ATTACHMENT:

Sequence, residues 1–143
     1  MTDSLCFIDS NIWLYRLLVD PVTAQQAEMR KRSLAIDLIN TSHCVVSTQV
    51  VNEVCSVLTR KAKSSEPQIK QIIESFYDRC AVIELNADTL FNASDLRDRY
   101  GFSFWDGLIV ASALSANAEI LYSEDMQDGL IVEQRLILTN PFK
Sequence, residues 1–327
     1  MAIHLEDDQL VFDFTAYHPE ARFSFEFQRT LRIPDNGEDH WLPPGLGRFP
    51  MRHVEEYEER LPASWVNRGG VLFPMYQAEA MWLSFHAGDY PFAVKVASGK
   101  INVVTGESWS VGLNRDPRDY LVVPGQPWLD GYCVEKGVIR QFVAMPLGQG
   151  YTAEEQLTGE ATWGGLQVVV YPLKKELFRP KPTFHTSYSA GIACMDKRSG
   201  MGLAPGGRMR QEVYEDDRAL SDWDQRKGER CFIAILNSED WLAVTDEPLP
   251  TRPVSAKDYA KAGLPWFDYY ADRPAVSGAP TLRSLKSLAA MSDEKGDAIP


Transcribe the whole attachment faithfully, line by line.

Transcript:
Sequence, residues 1–143
     1  MTDSLCFIDS NIWLYRLLVD PVTAQQAEMR KRSLAIDLIN TSHCVVSTQV
    51  VNEVCSVLTR KAKSSEPQIK QIIESFYDRC AVIELNADTL FNASDLRDRY
   101  GFSFWDGLIV ASALSANAEI LYSEDMQDGL IVEQRLILTN PFK
Sequence, residues 1–327
     1  MAIHLEDDQL VFDFTAYHPE ARFSFEFQRT LRIPDNGEDH WLPPGLGRFP
    51  MRHVEEYEER LPASWVNRGG VLFPMYQAEA MWLSFHAGDY PFAVKVASGK
   101  INVVTGESWS VGLNRDPRDY LVVPGQPWLD GYCVEKGVIR QFVAMPLGQG
   151  YTAEEQLTGE ATWGGLQVVV YPLKKELFRP KPTFHTSYSA GIACMDKRSG
   201  MGLAPGGRMR QEVYEDDRAL SDWDQRKGER CFIAILNSED WLAVTDEPLP
   251  TRPVSAKDYA KAGLPWFDYY ADRPAVSGAP TLRSLKSLAA MSDEKGDAIP